Clients seeking our services in relation to matters of Family Law usually require our assistance in relation to Separation Agreements, Judicial Separation, Divorce, Maintenance/Child Support:
If a married couple in Ireland wish to separate and they can agree the terms upon which they wish to live separately they may enter into a Form of Contract called a Separation Agreement. Both parties must consent to the terms of the Separation. It is advisable that both parties swear Affidavits of Means setting out their income, assets etc. prior to entering into a Deed of Separation. It is a legally binding contract setting out the parties rights and obligations to the other. A Separation cannot deal with matters arising as a result out of Pensions and the Trustees of Pension Schemes are not bound by the terms of a Deed of Separation. Once parties have entered into a formal Deed of Separation, they are not entitled to issue Proceedings through the Courts for a Decree of Judicial Separation
If a married couple in Ireland cannot agree the terms by which they will live separately an application to the Courts for a Decree of Judicial Separation can be made by either party. The Court must be satisfied that the couple has been advised about Counselling / Mediation and that proper provision has been or will be made for in respect of any dependent members of the family. An Application for a Decree of Judicial Separation is made either in the Circuit Court or the High Court. Cases are heard in private and public is not admitted.
A Decree of Divorce in Ireland allows both parties to a marriage to re-marry. Before a Court can grant a Decree of Divorce in Ireland, the following conditions must be met: The parties must have been living apart from one another for a period amounting to four out of the previous five years before the Application is made. There must be no reasonable prospect for reconciliation. Proper arrangements must have been made or will be made for the Spouse and any dependent members of the family.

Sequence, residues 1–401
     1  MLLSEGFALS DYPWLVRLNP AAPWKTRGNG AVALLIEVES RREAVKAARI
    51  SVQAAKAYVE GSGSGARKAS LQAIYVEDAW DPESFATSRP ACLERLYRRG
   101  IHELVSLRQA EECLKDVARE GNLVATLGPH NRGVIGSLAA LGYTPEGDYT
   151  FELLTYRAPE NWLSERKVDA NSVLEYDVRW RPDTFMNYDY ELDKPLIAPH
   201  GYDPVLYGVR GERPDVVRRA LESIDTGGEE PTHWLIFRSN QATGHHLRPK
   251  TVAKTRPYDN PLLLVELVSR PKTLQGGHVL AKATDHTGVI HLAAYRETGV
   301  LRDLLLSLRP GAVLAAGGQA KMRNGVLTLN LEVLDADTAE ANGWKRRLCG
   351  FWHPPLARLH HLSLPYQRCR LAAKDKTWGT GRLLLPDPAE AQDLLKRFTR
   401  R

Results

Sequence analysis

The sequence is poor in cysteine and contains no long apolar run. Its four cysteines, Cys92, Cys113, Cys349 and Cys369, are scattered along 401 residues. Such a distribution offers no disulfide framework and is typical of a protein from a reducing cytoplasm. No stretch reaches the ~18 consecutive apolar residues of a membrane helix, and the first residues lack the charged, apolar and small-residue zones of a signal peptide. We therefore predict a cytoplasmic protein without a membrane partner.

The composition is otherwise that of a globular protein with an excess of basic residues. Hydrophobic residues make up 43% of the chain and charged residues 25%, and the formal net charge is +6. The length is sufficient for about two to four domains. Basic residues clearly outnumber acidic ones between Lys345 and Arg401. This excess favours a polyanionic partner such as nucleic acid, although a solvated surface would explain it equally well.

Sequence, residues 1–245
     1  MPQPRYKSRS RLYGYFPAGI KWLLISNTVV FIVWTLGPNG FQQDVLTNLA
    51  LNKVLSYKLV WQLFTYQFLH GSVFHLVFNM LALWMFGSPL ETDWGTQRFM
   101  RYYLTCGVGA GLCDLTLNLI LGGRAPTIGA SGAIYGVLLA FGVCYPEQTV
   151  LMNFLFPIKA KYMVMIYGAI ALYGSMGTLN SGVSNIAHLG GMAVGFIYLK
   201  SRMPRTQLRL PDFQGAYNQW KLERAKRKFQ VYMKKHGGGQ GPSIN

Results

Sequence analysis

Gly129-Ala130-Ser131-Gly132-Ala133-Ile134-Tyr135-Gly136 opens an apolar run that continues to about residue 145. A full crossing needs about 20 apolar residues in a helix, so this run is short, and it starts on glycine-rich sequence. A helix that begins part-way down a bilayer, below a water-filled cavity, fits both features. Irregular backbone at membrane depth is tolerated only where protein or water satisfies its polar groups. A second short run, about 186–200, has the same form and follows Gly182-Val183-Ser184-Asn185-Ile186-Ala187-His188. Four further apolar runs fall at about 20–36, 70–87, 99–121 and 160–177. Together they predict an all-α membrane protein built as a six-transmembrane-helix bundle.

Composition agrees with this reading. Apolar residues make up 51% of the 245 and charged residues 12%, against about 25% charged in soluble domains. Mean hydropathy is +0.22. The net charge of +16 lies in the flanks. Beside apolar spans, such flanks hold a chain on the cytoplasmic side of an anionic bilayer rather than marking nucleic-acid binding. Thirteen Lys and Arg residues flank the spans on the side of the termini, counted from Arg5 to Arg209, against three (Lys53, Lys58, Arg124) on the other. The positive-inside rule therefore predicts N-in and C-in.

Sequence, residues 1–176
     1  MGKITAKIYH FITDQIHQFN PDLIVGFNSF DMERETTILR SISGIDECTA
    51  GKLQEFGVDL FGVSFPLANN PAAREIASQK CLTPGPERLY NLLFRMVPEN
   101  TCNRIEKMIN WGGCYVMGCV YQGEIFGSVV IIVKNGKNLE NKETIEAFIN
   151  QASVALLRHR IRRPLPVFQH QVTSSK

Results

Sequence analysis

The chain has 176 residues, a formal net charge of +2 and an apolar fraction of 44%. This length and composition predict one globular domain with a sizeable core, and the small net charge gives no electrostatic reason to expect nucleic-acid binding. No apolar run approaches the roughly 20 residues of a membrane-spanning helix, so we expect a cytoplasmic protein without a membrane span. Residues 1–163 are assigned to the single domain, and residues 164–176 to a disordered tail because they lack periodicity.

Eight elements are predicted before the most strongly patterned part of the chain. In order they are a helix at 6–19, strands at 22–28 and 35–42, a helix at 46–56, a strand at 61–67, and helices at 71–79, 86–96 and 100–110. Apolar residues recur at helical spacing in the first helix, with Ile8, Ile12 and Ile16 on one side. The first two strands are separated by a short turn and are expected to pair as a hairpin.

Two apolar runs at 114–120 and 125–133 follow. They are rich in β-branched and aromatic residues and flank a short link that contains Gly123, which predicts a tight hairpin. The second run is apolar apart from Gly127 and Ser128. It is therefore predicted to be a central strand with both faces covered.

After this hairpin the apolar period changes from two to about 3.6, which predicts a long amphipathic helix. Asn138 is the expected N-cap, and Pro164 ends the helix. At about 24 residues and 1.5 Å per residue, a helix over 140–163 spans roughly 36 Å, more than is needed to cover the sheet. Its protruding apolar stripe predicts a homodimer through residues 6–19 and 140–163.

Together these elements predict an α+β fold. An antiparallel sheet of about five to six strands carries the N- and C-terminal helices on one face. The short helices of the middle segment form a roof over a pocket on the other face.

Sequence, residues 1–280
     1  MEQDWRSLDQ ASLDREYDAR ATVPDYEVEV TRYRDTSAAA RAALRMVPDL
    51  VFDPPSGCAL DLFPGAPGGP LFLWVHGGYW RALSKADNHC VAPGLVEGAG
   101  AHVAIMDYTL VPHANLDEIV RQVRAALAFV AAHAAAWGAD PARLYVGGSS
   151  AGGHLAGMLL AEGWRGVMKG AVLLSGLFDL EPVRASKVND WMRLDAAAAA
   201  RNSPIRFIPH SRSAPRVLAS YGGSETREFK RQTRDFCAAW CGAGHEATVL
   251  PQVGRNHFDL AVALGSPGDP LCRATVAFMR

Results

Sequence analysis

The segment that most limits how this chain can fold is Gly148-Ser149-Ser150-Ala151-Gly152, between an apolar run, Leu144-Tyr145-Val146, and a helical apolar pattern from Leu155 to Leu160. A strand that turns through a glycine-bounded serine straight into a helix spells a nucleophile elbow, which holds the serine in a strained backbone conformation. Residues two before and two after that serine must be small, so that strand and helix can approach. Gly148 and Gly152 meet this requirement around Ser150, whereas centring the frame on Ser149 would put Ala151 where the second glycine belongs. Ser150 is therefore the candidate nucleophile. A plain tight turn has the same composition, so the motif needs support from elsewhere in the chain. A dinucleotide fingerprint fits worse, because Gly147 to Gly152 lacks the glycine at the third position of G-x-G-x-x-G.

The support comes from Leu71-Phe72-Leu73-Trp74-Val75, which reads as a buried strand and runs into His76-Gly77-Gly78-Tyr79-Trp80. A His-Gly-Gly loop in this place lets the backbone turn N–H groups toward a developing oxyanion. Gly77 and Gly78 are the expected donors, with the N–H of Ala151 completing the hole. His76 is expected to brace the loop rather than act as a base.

Maintenance/ Child Support
There is a legal responsibility for both Spouses to maintain each other and any dependent members of their family in accordance with their means. Maintenance can be paid weekly or monthly or in a lump sum. In Ireland, paying maintenance does not in itself give a parent access or guardianship rights.
If parties cannot agree upon maintenance, either party can apply to the Courts for a Maintenance Order. This Application can be made through either the District Court or the Circuit Court or the High Court. Maintenance can be ordered to be paid to a Spouse for their benefit or for the benefit of a child who is under the age of eighteen or twenty three if the child is in full time education. If a child has a mental or physical disability to such a degree that it would not be possible for that child to maintain him or herself, then there is no age limit for seeking maintenance for their support.
Each party is under an obligation to disclose in full their finances to the Court. The Judge has to consider all of the family’s circumstances, assets, income etc. when making a Maintenance Order. In cases where a parent/spouse/civil partner fails to comply with a court order and does not pay the amount awarded, an attachment of earnings order can be sought from the court, if the person is in employment or on a private pension. This order results in the maintenance amount being deducted at source by the parent's/spouse's/civil partner's employer. If the parent/spouse/civil partner is self-employed, an enforcement summons can be applied for.
The Civil Law (Miscellaneous Provisions) Act 2011 has amended the legislation to give the District Court the power to regard a failure by a parent/spouse/civil partner to comply with a court order as contempt of court and to deal with it accordingly, including by means of imprisonment If a parent/spouse/civil partner falls behind with payments where there is a maintenance order in place, then it is possible to apply to the court for an attachment of earnings summons. It is possible to get this attachment at the time when you apply for the maintenance order if you fear there may be a default. (In other words, you fear that the other parent/spouse/civil partner may fail to comply with the maintenance order). If the other parent/spouse/civil partner is self-employed, an enforcement summons can be applied for.